Coming out of my 20-year marriage in the late 1990s, I felt like Rip Van Winkle entering the Matrix’s dating scene. Where we once employed gyms and bars as the places to meet one or two potential partners at a time, we seemingly transformed overnight onto online websites and apps where you can literally meet hundreds at once.
Seemingly overnight changes also happened with regard to the nature of romantic relationships. We went from the death-do-you-part (DDYP) marriage model to swiping right on Tinder in the span of a generation. It’s like we went from quality to quantity, all in the span of a few decades.
But I think that’s an oversimplification. Quality is hard to measure, especially when it comes to relationships. We tend to use surrogate measures. Longevity is easy to measure, but what does it really tell you? My 20-year marriage was long, but not happy. It took a psychological and physical toll, probably on us both, but hey we crossed the 20-year finish line. Certainly, we have two wonderful sons that I wouldn’t trade for the world!
The quality of 14 of those 20 years was challenging, and the boys knew the relationship was over long before we did. Separation, though, was just too painful to fathom and so we chose to live with the corpse of our relationship until it became unbearable and impossible to ignore.
In a way, we’re a product of our times. Esther Perel, a well-known couples therapist and podcaster, says that our expectations of romantic partners in the modern day are unprecedented. We expect them to provide both safety and freedom, two often opposing values. Finding a single person who meets all those needs will be more the exception than the rule (Richmond Forum communication, February 2021).
Societal trends seem to support the notion that we’re giving up on that Prince Charming fairy tale and DDYP. Marriage rates are down, and people are choosing to marry later in life. Is DDYP partnership an anachronism we’re ready to part with?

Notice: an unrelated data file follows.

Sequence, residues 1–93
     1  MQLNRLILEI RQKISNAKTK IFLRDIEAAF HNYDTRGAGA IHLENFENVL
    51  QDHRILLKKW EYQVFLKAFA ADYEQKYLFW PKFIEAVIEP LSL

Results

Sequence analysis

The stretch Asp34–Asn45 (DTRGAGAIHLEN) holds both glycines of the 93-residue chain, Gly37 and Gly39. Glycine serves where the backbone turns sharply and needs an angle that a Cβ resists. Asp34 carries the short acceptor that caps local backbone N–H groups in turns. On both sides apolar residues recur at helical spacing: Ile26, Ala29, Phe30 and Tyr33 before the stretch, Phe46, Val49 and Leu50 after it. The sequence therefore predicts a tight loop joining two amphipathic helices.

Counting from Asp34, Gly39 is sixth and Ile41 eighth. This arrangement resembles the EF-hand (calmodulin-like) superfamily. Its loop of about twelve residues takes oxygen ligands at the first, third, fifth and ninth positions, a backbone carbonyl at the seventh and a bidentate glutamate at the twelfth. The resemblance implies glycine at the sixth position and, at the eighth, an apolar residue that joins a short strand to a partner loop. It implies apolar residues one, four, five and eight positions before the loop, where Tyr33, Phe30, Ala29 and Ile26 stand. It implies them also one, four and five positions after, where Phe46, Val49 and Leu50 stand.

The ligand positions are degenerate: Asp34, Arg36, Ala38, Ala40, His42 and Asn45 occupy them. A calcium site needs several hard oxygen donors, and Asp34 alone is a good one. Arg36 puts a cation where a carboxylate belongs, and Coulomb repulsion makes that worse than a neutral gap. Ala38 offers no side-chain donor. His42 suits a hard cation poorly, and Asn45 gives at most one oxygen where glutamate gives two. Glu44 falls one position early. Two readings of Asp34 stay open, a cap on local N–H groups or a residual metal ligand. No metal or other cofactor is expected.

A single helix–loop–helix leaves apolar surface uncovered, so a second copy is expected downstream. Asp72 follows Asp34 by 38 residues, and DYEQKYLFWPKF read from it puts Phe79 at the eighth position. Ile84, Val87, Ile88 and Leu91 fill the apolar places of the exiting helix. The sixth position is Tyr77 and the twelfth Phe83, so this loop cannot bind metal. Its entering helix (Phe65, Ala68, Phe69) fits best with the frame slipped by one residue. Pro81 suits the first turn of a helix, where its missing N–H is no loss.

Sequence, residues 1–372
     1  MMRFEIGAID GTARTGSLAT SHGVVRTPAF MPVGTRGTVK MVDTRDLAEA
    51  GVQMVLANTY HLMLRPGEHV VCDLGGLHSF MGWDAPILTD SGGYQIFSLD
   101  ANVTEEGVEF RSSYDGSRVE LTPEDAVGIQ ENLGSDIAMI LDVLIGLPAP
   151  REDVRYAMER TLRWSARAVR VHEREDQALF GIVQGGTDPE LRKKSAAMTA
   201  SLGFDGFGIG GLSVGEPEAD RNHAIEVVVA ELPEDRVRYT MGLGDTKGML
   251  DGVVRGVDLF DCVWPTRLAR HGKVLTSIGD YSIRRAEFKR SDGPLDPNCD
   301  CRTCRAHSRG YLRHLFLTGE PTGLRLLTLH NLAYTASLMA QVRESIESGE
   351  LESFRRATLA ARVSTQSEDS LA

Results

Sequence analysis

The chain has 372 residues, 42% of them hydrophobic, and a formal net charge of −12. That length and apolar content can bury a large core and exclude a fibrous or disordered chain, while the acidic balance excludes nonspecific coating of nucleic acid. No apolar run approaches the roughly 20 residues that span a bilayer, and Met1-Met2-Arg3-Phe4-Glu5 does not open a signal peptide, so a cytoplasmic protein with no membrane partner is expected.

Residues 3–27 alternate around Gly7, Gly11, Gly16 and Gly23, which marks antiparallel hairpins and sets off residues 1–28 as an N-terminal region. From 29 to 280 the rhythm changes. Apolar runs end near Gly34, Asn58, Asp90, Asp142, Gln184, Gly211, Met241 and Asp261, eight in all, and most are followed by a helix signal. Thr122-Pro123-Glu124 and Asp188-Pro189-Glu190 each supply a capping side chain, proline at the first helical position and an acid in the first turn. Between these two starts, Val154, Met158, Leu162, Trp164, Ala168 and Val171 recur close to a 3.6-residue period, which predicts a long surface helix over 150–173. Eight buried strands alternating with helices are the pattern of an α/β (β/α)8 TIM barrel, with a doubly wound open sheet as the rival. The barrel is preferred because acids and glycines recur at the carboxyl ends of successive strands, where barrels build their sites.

Or what about having a DDYP partner, but in a way that’s less about the Prince Charming and more about the lovable frog more akin to Kermit? Women of a certain age seem to have resigned themselves to having a man (or woman) that they date, a Kermit, who doesn’t quite rise to the level of “boyfriend”, “girlfriend”, or “partner”. The dating companion seems to reflect a more casual relationship status, maybe our generation’s version of friends with benefits.
While we’re reformulating our idea of the modern romantic relationship, let’s reconsider the metrics of success. How important is longevity? Monogamy (as opposed to a more open status in the relationship)? Level of emotional intimacy and safety? Lack of conflict? Ability to learn and grow together? The amount of love, joy, or other positive emotion created, experienced, and shared?
There’s probably not one answer that’s right for everyone, or even for one person at every point in their life. I was lucky to have my Prince Charming and Kermit all rolled into one with my late husband Christopher, and maybe I’ll be blessed enough to experience that again.
Until then, what’s a gal to do?
While I’m not a swipe right kind of gal, I do value a more open attitude regarding romantic relationships, and more freedom from the DDYP marriage model. Just like when we free ourselves from an unhealthy relationship, freeing ourselves from our anachronistic beliefs about the nature of romantic partnerships can be so liberating.
The Foundation for Family and Community Healing is making relationship education available to everyone. Come preview our Relationship Wellbeing educational modules, or see the slate of our initial offerings later this spring, by visiting our website (www.familyandcommunityhealing.org) or connecting with us on social media.